Our first proper day in Zim had us doing one of the things I have wanted to do for a while, and we got to do it in one of the most appropriate settings as well: a helicopter flight over the Victoria Falls and the Zambezi. It was absolutely gorgeous. It was obviously a bit pricey, as helicopter “flips” (as my gran refers to it) generally are, so we opted for the shorter flight, but it was one of the most breathtaking experiences ever. The flight itself was fun, something really worth doing, but we could not have chosen a more special wonder to view. The hospitality at the helipad was also great and we bought a DVD afterwards.

We got to look super-stylish in our headphones as we flew over the most spectacular views ever

We got to look super-stylish in our headphones as we flew over the most spectacular views ever

Could it get more picturesque?

Could it get more picturesque?

It's hard to comprehend the massive amount of water that just constantly cascades over those rocks

It’s hard to comprehend the massive amount of water that just constantly cascades over those rocks

A driver took us from the helipad to the Victoria Falls National Park, where the entrance fee, in dollars, was pretty steep, particularly for foreigners (not part of SADC). Once inside, there was an easy-to-follow route along the one side of the gorge into which the powerful waters fall. It was magnificent to behold.

Endless falls

Endless falls

Rainbows everywhere! You can't see it, but this one was a full rainbow that went right across, and it was double... #doublerainbow

Rainbows everywhere! You can’t see it, but this one was a full rainbow that went right across, and it was double… #doublerainbow

"May this stupendous grandeur and wonder of nature forever inundate each and every human heart with a fruitful and fulfilling sea of oneness - peace. Do not stop dreaming! One day your world-peace-dream will inundate the entire world. - Sri Chinmoy"

“May this stupendous grandeur and wonder of nature forever inundate each and every human heart with a fruitful and fulfilling sea of oneness – peace. Do not stop dreaming! One day your world-peace-dream will inundate the entire world. – Sri Chinmoy”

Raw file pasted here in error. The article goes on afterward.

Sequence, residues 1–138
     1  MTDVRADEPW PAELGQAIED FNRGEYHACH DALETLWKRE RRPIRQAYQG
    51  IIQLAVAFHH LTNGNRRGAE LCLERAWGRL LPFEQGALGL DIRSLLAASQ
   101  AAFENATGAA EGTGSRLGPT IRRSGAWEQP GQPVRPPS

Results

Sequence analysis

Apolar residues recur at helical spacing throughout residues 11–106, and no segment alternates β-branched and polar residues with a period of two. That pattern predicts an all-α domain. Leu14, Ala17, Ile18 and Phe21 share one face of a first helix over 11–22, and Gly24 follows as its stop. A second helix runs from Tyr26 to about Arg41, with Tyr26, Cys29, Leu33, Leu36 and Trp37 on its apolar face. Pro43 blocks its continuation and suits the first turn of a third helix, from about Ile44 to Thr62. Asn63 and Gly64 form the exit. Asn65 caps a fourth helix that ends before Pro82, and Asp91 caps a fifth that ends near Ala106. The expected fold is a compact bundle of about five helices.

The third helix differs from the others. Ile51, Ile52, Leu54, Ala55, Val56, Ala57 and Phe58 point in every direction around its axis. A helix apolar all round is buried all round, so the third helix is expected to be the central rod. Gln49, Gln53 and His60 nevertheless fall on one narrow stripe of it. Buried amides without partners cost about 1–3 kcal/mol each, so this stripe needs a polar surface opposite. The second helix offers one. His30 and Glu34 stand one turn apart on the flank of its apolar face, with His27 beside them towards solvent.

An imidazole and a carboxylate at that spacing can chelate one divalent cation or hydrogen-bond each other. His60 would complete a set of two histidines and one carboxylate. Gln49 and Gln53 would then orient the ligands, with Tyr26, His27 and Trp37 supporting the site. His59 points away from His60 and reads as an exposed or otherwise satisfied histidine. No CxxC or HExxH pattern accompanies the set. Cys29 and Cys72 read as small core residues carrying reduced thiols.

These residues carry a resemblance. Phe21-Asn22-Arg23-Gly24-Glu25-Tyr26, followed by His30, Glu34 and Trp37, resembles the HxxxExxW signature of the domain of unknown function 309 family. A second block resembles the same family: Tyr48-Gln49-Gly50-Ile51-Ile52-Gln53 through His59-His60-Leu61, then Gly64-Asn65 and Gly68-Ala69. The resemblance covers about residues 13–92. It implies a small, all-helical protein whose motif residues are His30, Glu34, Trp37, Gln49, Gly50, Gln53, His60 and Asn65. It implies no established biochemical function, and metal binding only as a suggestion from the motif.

It is difficult to describe the sheer awesome power of that water as it crashes down. The “Smoke That Thunders” is a very appropriate name, with that smoke being a wet haze that rises up from the depths of the gorge, and condensing to rain down on you unexpectedly. Rain jackets are a must, however, they said that the more wet you get, the more blessings are falling upon you. So maybe just take one for your camera, and hope for warm weather.

It's also fun to just get caught in the rain

It’s also fun to just get caught in the rain

Don't forget your raincoat!

Don’t forget your raincoat!

Speaking of the weather, I was not expecting the weather we had while there. I thought, “hey, middle of winter, there will probably be a chill in the air. I’ll take some shorts for hiking, perhaps.” I packed jeans and long sleeved shirts. I luckily had some lighter vests for under these, and the shorts for hiking. If I hadn’t, I would have been most uncomfortable in the summer heat. It’s like they only had winter at night, and the daytime sun makes the weather forget what season it’s supposed to be in. The nights were fairly chilly though, as is often the case in the middle of the bush.

Tram ride through the bush, could we be any less mainstream?

Tram ride through the bush, could we be any less mainstream?

Old-school tramming

Old-school tramming

Our last activity for that day was the Tram ride. We booked many of our activities not expecting much else apart from the activity itself. The tram ride we had booked because we had heard that we could take a harnessed walk along the underside of the bridge. While we found out at the last minute that this was not the case with the evening tram ride, rather that was an activity forming part of the morning ride, ours was still an altogether pleasant experience. It was an old-school tram, leaving from one of the oldest hotels in the area, Victoria Hotel, with an enthusiastic and friendly tour guide who was full of useful information. They kept our glasses topped up, mine with gin and tonic water (to ward off the mozzies), and we got a serving of light snacks.

Victoria Falls Bridge was the final stop for our sunset tram ride

Victoria Falls Bridge was the final stop for our sunset tram ride

Mumzy with her G+T

Mumzy with her G+T

The tram took us to the bridge that overlooks the Victoria Falls and serves as the border crossing between Zimbabwe and Zambia. Here we were treated to champagne and a theatrical presentation by a “136-year-old” man who told us about how he was involved in the construction of the bridge. We got to take pictures of the falls in the sunset, and made our way back home on the tram, looking out for game in the bush on the way.

Jean-Jacques is allegedly 136 and was involved in the construction of this interesting engineering feat

Jean-Jacques is allegedly 136 and was involved in the construction of this interesting engineering feat

It had been a long day so we had a pretty early night. There were more activities to come in the morning.

To be continued…